Considering what he said and when he said it, I think George Berkeley is a leading contender for the title of the Greatest Metaphysical Philosopher In History. He was questioning the true existence of Cause-And-Effect before Hume, declaring that humans imposed our own view of reality upon the Cosmos before Kant, observing the centrality of language-problems to philosophy before Wittgenstein, and discussing the relativity of differing space-time perspectives before Einstein.
On Closed-Mindedness & The Possibility Of Discovering Truth
Berkeley felt that the average man was naturally closed-minded, overly accepting of “ancient and rooted prejudices” which had passed into “principles.” And Lord help us once a man has hold of a principle, for a principle is a “thought privileged from all examination.” In this frightening and complex world, a man will cling to his prejudice like a life-preserver… “and there is no absurdity so gross” that “the mind of man may not be prepared to swallow” as long as it comes coated in “principle.”
There is many a man, states Berkeley, “who shall reject a truth that is capable of demonstration, for no other reason but because it is newly known and contrary to the prejudices of mankind.” These men, he says, are quick to condemn a new idea before they even rightly comprehend it. This sort– the “illiterate bulk of mankind” — are “out of all danger of becoming skeptics.”
Berkeley most certainly does not consider himself of their ilk. He looks out at the world with the narrowed eye of the extreme skeptic. Some men with as skeptical a bend of mind as Berkeley would end their philosophy by giving up all hope of ever knowing the truth. Not only are we humans mostly ignorant of the true nature of reality, such a man might say, but we are not designed to know the truth!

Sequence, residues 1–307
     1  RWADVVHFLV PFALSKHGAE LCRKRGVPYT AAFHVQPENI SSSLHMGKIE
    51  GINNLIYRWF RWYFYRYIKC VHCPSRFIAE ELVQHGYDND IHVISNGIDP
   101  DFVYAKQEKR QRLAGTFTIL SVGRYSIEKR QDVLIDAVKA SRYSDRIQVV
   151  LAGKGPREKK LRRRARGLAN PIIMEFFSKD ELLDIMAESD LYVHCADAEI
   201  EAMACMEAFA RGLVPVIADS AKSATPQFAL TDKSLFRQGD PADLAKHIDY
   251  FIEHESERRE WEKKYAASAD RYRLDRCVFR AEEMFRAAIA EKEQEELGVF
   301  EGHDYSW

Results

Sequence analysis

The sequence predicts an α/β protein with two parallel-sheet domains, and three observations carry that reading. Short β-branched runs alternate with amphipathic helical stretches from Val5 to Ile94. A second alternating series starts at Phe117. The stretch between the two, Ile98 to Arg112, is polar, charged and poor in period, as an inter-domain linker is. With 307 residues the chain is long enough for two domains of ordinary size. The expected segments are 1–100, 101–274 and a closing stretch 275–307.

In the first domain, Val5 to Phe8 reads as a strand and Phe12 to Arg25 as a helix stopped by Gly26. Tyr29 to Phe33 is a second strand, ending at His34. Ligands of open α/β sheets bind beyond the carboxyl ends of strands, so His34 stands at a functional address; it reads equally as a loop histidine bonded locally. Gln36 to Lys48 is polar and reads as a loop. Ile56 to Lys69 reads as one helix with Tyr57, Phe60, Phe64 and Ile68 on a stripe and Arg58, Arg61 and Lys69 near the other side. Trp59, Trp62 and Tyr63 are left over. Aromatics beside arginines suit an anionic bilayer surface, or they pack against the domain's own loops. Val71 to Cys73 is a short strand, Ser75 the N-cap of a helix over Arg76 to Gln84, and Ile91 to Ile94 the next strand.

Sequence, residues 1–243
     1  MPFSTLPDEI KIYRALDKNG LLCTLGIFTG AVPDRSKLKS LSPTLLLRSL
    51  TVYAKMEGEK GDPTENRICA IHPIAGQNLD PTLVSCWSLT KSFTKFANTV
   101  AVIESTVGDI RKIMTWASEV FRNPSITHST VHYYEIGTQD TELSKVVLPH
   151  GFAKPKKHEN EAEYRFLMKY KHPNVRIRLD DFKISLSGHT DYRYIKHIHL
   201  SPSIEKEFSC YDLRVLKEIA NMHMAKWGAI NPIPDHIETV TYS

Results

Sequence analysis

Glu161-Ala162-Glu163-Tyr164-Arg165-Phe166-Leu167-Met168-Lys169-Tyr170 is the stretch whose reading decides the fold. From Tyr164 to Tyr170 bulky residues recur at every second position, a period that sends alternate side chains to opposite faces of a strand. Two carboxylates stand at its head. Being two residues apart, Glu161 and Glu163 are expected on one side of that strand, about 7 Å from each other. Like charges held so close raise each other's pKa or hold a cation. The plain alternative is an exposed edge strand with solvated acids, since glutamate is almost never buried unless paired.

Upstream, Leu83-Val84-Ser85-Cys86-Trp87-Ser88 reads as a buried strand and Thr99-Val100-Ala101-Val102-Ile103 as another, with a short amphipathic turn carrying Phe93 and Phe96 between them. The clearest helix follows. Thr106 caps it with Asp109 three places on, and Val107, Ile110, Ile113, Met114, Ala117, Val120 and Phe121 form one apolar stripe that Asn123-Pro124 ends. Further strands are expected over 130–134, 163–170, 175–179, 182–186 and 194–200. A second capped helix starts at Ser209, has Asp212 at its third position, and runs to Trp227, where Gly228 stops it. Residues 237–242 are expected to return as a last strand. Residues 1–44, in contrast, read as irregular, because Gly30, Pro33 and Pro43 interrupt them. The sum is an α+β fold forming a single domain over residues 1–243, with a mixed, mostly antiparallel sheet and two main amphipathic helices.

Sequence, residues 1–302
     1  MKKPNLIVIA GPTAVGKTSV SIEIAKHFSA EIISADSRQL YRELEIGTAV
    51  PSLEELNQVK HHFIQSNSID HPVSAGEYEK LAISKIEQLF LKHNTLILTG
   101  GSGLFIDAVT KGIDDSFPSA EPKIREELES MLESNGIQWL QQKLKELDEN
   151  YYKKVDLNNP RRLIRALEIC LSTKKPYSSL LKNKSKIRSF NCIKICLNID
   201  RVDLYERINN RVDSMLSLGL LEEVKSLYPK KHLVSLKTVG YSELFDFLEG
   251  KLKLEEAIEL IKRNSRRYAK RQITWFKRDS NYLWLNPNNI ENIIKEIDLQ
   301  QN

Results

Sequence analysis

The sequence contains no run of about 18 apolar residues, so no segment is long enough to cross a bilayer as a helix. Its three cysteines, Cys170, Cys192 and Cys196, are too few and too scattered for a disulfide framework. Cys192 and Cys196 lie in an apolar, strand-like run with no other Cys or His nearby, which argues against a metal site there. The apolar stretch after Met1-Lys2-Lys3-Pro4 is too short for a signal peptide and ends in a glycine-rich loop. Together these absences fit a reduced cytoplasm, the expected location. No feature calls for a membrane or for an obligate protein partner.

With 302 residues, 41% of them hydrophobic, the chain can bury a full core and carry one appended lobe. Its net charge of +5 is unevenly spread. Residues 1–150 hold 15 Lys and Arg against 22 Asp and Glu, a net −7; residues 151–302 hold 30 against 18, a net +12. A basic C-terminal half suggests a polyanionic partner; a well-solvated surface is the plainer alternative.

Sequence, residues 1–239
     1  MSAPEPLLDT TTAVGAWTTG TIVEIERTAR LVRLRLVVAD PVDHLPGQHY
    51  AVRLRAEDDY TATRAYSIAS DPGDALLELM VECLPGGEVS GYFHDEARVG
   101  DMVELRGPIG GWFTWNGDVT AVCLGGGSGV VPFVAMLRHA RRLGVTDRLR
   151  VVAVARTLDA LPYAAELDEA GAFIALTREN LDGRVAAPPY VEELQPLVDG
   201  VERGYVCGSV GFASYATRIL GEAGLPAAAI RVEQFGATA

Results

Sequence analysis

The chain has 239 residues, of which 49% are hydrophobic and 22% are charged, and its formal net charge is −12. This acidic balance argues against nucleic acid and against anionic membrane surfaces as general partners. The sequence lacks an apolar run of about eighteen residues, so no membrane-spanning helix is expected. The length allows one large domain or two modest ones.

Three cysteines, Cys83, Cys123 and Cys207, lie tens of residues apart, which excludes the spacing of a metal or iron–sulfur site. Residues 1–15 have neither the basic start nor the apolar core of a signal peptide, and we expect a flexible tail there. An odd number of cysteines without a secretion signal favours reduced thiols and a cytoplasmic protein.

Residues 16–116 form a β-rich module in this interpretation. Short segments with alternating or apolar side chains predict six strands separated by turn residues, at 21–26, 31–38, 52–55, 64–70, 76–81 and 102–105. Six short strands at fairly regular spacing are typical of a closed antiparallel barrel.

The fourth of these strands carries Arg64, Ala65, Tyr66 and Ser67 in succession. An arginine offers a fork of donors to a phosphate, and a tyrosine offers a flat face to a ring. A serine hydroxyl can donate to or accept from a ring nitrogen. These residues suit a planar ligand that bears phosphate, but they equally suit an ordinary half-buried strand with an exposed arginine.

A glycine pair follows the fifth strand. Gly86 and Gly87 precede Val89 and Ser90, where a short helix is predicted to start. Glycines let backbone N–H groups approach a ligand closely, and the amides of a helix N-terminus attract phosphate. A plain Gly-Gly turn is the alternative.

“The faculties we have are few,” says Berkeley, putting forth this side of the argument, “and those designed by Nature for the support and comfort of life and not to penetrate into the inward essence and constitution of things.” Whereas human Spirits “partake of infinity,” our minds are finite, and that being the case, “it is not to be wondered at” if we “run into absurdities and contradictions” in our attempt to understand the world. Frankly put, “the nature of the infinite is not to be comprehended by that which is finite.”
But Berkeley does not accept that it absolutely impossible for the human mind to arrive at the truth. “Perhaps,” he writes, “we may be too partial to ourselves in placing the fault originally in our faculties, and not rather in the wrong use we make of them.” Our difficulties in understanding the world may not necessarily “spring from any darkness and intricacy in the objects or natural defect in the understanding, so much as from false principles which have been insisted upon.”
“We should believe that God has dealt more bountifully with the sons of men than to give them a strong desire for that knowledge which has been placed quite out of their reach.” Berkeley observes that when Nature implants an appetite in a creature, it also furnishes it with the means to satisfy that appetite, and he is convinced that humankind can arrive at the Truth if only we insist on making always “right deductions from true principles.”